The war in heaven reminds us that “For our struggle is not with flesh and blood but with the principalities, with the powers, with the world rulers of this present darkness, with the evil spirits in the heavens” (Ephesians 6:12). The battle for our world is bigger than the trials and tribulations that surround us. I believe there is no surprise that we live in a broken world with a lot of confusion and hurt

But this war in heaven also reveals our future hope. In an interview, Brandon Crowe of Wesleyan University says that “the hopeful part of this picture is that the child has overcome the dragon.”

The woman is a representation of God’s people, Israel. As you continue through Revelation 12, you see the dragon (Satan) going after the woman (Israel), but the war is not over. The passage depicts God preparing a place for the woman as she flees. Though much of the book of Revelations speaks of trumpets, bowls, disease, and destruction, there is a gift God gives us in this apocalyptic book.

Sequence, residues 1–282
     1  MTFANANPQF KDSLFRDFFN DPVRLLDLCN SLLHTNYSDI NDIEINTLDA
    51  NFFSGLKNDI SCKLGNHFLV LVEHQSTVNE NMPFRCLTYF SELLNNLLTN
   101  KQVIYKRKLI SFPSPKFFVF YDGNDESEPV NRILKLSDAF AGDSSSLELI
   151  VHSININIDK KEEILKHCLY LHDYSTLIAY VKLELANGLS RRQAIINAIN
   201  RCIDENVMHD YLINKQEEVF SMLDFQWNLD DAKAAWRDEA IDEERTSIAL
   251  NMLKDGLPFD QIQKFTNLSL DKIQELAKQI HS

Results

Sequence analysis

What we need to remember is that God wins. The dragon will be defeated through all the uncertainty and symbols of Revelations. “Hallelujah, Salvation and glory and power belong to our God, for true and just are his judgments” (Revelation 19:1-2).

Just like the Old Testament spoke to God’s plan of salvation through the Messiah, Revelations reminds us that God has the plan to rescue this broken world and return it to his perfect plan from the beginning. I’m sure even John was confused by what he was being shown. But throughout the book are moments of praise in heaven by the saints, reminding us of the One who knows the end of the story.

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Valerie Fentress Salem Web Network Contributing WriterValerie Fentress is the author of An Easter Bunny’s Tale and Beneath the Hood: a retelling woven with biblical truth. She aims to engage believers, especially kids, in the wonder and identity of who God is and who God made them to be. 

You can find out more about Valerie, her books, and her blog at www.valeriefentress.com.